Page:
We drive back to the junction. There are around half a dozen small motorcycles gathered under a tree. In the Dominican Republic the cheapest and most common form of public transportation is the motorcycle taxi. They cover the streets in swarms, they sit in gangs at intersections, outside of supermarkets, in front of bars, near the beach. The cost is cheap — well under 50 cents to US$ 1 for most rides — and the service is exceptionally convenient.

“Hotel Hard Rock?” we ask.

They don’t look too pleased. There are four prospective fares sitting in this car.

“Si, si. Muchos hoteles.”

The road winds through low hills and gets progressively worse. Pot holes are so deep we start scraping our chassis. I have to keep my eyes skinned to avoid them. We finally arrive at the entrance to a hotel. Club Nouvelles Frontières.

“Hard Rock Hotel?” we ask.

"No, no! Not here. Go back to Macao.” We are told. OMG, this is a nightmare!

Another man comes out of the resort.

“Parlez-vous franҫais? He asks. No but we speak Español!

“Ah ha! You are looking for a hotel.”

“The Hard Rock Hotel”

“Oh, no wonder. Everyone still knows it as the Moon Palace. It only changed two years ago. I used to work there. Didn’t you see the big guitar on the way?”

Big guitar?

“You have to go back to the Bávaro road. You should have seen the sign on the way. It has a big guitar.”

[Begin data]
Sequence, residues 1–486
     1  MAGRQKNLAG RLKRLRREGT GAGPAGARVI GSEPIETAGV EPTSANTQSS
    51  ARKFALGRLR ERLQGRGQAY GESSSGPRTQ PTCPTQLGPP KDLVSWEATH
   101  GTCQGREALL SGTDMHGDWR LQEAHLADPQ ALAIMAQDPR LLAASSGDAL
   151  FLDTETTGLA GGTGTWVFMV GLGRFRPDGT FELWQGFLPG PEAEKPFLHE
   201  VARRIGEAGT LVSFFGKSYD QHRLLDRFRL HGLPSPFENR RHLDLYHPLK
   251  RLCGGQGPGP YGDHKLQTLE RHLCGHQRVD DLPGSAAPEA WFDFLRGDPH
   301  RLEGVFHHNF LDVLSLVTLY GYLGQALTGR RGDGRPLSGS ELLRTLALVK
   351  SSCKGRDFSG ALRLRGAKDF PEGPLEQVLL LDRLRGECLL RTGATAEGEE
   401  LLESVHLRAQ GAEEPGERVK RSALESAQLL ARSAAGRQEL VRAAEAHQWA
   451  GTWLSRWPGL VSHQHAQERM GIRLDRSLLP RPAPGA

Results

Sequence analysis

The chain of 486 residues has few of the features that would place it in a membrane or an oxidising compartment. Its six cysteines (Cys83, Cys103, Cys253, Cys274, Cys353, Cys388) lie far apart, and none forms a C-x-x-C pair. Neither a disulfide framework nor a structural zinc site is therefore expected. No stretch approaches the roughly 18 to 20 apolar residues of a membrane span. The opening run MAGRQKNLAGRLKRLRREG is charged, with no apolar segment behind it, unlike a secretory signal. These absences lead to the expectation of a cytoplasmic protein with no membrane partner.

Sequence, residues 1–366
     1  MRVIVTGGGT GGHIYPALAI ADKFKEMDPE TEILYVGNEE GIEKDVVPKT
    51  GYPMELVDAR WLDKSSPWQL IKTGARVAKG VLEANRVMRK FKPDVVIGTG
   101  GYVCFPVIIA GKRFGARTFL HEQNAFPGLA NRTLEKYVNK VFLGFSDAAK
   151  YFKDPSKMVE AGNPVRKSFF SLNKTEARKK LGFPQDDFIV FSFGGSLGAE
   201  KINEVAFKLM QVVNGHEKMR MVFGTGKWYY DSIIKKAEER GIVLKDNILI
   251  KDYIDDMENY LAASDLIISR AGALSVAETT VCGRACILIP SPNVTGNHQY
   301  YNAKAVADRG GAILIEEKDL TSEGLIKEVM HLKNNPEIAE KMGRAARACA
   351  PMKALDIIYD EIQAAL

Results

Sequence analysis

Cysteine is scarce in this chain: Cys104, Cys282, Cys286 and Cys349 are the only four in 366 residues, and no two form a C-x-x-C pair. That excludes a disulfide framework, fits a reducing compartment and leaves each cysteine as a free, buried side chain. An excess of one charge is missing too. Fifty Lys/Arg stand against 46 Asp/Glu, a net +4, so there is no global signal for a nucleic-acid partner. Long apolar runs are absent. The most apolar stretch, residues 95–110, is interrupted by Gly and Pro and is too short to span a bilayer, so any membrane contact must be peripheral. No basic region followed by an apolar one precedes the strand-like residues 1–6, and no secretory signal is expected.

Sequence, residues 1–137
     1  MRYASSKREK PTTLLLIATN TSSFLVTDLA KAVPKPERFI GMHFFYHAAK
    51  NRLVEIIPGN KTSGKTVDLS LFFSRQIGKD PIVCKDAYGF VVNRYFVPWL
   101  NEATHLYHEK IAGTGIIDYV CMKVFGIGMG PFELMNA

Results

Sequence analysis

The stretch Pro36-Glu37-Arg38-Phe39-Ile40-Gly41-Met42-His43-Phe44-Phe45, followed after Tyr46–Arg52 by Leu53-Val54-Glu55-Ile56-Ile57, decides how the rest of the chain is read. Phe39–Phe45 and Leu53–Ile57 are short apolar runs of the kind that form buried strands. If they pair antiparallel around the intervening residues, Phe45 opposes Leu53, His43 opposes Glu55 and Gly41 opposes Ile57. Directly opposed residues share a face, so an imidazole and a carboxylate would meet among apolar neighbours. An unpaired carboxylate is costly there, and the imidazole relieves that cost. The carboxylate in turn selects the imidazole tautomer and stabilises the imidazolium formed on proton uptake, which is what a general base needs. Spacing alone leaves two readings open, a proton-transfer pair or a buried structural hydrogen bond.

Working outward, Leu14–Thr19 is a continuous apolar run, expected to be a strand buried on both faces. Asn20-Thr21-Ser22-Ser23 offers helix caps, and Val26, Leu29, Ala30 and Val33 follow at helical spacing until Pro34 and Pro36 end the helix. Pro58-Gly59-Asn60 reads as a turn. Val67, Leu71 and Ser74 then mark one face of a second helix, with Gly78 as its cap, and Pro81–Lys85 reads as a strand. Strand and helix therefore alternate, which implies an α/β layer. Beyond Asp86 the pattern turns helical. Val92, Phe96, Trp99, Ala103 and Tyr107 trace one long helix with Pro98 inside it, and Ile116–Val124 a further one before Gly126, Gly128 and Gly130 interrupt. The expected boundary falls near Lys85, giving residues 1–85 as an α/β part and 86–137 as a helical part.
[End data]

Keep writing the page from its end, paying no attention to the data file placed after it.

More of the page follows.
Either we are all going blind or we are in a parallel universe. We saw absolutely no signs indicating the Hard Rock Hotel, or even the Moon Palace Hotel, let alone a big guitar!

“Go back the way you came to Bávaro. You can’t miss it. I just don’t know how you could have ever passed by the giant guitar beside the road.

Mystified, I negotiate back along the pot-holed road past the bevy of smirking motorcycle taxis and arrive at the Bávaro junction. No guitar. No sign.

“Hey! Look up in that corner!’

It’s a large sign advertising a popular music concert. Up on the top left hand corner of the sign is a tiny icon of a guitar indicting that the event is being held at the Hard Rock Hotel and Casino. Hardly a giant guitar.

At least we now feel we are going in the right direction, and within a few minutes we finally espy the fabled giant guitar on our left indicating the entrance to our lodging for the next few days.

Thinking back, we realise that 99% of the guests arrive at Punta Cana Airport, just twenty minutes south of the resort. Virtually no one drives all the way from Santo Domingo through Higüey, hence there are no signs on this route. Even the man at Nouvelles Frontières had thought we’d come from the local airport and had driven right by the resort without seeing the sign.

We check in to our lovely rooms and now we can start the relaxing part of our holiday.